UN officials stress need for solidarity in bridging remaining gaps to combat poverty

Goal 1 of MDGs: eradicate extreme poverty and hunger. Photo: World Bank/Jamie Martin

20 December 2013 – United Nations officials are marking Human Solidarity Day today by calling for joint action to reach the globally agreed goals of reducing extreme poverty, hunger, disease and other social and environmental ills by 2015, and to create a more sustainable future for all.

“We all have a role in overcoming today’s economic, political, environmental and social challenges, and we must all share the costs and benefits of sustainable development according to needs and ability,” Secretary-General Ban Ki-moon said in his message for the Day, observed annually on 20 December.

“This is the essence of justice, fairness and equity. It is the meaning of solidarity.”

The UN General Assembly proclaimed Human Solidarity Day convinced that the promotion of the culture of solidarity and the spirit of sharing is important for combating poverty. This year’s theme is “Bridging the gaps to achieve international development goals by 2015 and beyond.”

Mr. Ban recalled that, in elaborating the global anti-poverty targets known as the Millennium Development Goals (MDGs) – which were agreed 2000 and have a 2015 deadline – world leaders recognized that these objectives demanded that everyone practice mutual respect and accept shared responsibility.

“I urge people from all nations, faiths, cultures and traditions to work together in common cause to keep the promise made at the turn of the Millennium and leave a legacy of peace, prosperity and sustainable progress for generations to come,” stated Mr. Ban.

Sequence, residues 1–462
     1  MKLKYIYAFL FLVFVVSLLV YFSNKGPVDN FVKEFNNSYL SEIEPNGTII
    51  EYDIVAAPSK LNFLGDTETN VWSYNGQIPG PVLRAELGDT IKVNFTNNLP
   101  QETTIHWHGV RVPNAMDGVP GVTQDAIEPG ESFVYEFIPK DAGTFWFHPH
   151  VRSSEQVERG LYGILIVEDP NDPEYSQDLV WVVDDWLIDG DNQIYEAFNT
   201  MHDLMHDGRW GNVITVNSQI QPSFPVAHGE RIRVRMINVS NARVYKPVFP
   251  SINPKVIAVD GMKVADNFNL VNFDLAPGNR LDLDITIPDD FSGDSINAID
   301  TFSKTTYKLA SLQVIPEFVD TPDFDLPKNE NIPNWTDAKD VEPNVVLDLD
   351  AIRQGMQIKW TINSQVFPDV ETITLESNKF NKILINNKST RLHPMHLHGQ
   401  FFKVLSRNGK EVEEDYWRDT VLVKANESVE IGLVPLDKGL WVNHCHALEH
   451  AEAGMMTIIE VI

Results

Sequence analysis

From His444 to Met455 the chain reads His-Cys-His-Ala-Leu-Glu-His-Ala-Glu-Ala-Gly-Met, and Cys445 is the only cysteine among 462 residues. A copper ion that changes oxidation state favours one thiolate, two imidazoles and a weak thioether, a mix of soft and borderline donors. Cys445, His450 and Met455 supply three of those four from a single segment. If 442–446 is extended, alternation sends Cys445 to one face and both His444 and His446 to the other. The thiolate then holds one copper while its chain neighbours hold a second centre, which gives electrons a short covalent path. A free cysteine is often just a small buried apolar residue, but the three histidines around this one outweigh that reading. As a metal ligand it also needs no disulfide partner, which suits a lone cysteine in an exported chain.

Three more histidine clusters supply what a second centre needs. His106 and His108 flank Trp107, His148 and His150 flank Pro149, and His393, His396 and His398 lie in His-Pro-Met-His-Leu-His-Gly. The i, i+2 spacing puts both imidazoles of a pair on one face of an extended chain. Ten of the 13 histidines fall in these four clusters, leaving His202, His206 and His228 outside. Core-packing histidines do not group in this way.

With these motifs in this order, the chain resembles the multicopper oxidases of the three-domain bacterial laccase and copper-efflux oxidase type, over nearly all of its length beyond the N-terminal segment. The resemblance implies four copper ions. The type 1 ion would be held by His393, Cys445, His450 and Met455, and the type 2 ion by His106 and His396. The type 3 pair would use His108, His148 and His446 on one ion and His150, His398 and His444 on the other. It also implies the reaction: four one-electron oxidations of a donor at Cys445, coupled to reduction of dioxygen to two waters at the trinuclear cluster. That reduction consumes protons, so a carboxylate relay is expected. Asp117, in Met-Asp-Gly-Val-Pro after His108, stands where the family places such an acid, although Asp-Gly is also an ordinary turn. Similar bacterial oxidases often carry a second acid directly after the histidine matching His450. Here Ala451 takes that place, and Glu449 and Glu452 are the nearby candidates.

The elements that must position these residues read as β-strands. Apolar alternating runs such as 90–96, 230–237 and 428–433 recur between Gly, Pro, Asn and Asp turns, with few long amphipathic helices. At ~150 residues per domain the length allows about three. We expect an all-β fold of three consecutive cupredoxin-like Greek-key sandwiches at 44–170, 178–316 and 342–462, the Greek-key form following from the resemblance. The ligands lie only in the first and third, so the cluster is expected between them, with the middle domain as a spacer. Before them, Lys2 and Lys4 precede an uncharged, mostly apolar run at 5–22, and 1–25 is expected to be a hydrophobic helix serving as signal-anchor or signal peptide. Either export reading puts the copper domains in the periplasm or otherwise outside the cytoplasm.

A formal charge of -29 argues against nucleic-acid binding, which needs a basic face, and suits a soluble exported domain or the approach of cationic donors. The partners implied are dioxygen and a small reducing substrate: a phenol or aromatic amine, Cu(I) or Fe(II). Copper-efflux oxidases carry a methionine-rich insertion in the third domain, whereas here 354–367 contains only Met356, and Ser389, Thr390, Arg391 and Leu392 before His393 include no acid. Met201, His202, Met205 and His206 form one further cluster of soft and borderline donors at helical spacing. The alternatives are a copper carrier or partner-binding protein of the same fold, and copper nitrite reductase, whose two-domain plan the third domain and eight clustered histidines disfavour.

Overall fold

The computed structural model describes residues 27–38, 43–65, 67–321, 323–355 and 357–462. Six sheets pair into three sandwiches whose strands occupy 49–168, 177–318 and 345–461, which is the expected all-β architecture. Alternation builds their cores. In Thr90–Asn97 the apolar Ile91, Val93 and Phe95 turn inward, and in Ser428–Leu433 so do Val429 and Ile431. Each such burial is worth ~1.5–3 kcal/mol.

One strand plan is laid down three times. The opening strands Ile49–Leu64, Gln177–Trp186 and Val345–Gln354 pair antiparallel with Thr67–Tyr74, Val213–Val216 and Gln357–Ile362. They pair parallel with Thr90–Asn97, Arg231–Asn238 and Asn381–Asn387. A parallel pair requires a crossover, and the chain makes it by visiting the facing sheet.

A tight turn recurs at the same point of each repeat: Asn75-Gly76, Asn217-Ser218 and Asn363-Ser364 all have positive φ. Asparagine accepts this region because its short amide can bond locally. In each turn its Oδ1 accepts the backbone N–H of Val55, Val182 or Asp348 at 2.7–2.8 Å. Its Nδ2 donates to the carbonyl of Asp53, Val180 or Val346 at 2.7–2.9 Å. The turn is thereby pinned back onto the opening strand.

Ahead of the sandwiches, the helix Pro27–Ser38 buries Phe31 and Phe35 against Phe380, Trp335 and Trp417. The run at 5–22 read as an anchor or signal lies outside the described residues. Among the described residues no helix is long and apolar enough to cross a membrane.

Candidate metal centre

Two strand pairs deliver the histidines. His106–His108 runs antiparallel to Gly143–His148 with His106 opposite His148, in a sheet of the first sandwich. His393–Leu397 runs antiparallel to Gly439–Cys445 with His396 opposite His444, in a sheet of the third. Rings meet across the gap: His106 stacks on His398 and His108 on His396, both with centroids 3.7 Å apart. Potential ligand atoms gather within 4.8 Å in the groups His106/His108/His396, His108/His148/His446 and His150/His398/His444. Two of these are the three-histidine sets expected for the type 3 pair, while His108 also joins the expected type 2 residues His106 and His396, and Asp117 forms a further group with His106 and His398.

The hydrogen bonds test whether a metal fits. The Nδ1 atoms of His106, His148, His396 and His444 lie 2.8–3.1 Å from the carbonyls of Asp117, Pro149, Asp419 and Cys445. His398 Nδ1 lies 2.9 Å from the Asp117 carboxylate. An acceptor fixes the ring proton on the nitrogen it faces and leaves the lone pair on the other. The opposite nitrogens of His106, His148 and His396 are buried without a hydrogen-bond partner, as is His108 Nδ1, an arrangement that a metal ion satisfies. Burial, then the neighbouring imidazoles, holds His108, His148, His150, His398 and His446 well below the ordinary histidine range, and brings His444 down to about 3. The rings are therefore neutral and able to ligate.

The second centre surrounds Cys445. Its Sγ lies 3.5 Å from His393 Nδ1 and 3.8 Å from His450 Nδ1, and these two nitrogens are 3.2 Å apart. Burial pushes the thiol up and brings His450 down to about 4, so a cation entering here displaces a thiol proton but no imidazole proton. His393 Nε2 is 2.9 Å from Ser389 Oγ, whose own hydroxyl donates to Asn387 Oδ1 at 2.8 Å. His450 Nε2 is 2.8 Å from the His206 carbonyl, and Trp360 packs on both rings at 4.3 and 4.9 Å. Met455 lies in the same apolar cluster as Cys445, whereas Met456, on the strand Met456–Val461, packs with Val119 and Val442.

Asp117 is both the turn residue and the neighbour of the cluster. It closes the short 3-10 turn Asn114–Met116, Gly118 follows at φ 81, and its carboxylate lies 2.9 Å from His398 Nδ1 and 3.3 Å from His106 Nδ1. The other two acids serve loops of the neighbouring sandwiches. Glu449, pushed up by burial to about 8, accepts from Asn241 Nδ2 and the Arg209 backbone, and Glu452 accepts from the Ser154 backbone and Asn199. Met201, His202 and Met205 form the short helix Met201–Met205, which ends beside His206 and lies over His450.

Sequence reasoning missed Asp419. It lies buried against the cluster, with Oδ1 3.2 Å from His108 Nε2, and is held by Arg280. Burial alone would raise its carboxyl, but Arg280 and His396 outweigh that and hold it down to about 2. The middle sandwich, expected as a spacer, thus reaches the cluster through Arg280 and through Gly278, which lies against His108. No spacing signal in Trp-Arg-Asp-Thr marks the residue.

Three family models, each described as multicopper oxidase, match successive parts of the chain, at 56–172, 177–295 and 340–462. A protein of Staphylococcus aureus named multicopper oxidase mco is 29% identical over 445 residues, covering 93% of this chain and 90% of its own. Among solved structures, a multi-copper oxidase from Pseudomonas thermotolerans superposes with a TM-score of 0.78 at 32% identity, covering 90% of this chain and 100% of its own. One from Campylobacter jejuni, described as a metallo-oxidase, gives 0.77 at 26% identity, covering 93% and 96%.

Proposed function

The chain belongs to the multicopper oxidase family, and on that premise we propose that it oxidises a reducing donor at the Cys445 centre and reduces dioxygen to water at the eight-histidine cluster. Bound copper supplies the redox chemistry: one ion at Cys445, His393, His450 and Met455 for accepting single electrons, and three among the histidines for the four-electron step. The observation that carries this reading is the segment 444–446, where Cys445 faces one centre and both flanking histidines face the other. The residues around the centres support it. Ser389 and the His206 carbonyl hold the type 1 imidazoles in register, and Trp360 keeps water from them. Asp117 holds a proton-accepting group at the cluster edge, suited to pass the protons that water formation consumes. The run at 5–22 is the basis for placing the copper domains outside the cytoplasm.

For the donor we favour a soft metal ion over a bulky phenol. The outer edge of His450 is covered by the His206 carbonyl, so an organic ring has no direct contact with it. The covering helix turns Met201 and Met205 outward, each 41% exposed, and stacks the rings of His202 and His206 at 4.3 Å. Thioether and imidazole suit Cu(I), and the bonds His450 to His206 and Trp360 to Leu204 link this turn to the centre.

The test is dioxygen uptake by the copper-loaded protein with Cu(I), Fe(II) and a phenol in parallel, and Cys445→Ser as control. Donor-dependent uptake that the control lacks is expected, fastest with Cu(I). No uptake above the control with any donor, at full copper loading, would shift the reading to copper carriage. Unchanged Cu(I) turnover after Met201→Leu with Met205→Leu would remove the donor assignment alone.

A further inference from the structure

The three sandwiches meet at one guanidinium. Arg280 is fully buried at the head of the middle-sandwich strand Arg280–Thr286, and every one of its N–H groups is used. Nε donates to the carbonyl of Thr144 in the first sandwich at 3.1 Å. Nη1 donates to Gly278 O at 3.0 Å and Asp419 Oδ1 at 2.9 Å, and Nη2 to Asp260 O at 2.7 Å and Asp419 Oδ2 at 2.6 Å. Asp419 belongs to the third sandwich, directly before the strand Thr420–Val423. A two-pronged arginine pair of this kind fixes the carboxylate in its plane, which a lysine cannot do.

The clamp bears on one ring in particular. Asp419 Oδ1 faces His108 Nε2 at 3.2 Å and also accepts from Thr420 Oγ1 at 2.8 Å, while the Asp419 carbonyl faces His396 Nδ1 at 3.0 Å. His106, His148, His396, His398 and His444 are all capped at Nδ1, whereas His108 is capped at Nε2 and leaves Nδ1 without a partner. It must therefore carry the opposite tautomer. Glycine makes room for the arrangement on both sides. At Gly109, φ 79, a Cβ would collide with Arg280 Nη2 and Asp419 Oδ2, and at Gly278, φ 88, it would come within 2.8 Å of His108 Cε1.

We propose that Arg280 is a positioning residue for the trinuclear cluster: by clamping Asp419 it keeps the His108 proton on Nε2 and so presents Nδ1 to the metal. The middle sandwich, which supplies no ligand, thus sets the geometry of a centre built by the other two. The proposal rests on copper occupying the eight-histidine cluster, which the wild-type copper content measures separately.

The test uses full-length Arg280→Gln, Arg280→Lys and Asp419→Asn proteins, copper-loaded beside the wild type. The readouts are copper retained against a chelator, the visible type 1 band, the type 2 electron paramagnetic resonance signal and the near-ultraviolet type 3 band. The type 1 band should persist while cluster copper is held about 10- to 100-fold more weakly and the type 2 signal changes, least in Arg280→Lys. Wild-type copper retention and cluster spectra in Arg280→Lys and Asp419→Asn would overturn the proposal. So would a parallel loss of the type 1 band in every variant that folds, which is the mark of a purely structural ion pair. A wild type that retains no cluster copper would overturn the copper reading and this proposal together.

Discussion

The President of the General Assembly, John Ashe, highlighted the fact that solidarity will be as crucial as ever as UN Member States shape the development agenda that will follow 2015.

“The post-2015 development agenda will represent a significant global evolution in our thinking insofar as it envisions an interdependent, planetary community regardless of disparities in development,” he said in his message for the Day.

“I believe that our success at building solidarity, equity and social justice depends on the extent to which our differences are celebrated rather than treated as a justification for hatred and violence,” he added. We can no longer allow mothers and children to perish from preventable diseases. Conflict and environmental degradation must cease to threaten our existence as a human family.

“Our children and young people must receive the education and skills that will guide them toward a path of entrepreneurship and access to decent jobs. And finally, we must continue to strive to develop sustainable global partnerships,” he stated.

In her statement to mark the Day, the UN Independent Expert on Human Rights and International Solidarity, Virginia Dandan, said that many global challenges and mass human rights violations, including global poverty, have persisted because of the pervasive gaps that exist – gaps in communities, between countries, and in international policy frameworks – which allow the world’s most vulnerable people to fall through the cracks.

“International solidarity is the bridge across these gaps in understanding, action and accountability. It is an imperative that can propel positive collective action among our communities, governments and international policy-makers, to ensure that the world moves forward together as one,” said Ms. Dandan.

In designing the next global development agenda, it is vital to not only recognize what has been achieved but to take stock of the gaps that remain and to learn from them, she noted.

“The post-2015 development agenda is an opportunity to close the gaps that persist, and to create a global development framework based on a genuine global partnership between States with human rights at its heart.

“International solidarity must be our rallying cry to ensure that our governments come through on their commitments to meet the most basic development needs of our poorest communities.”


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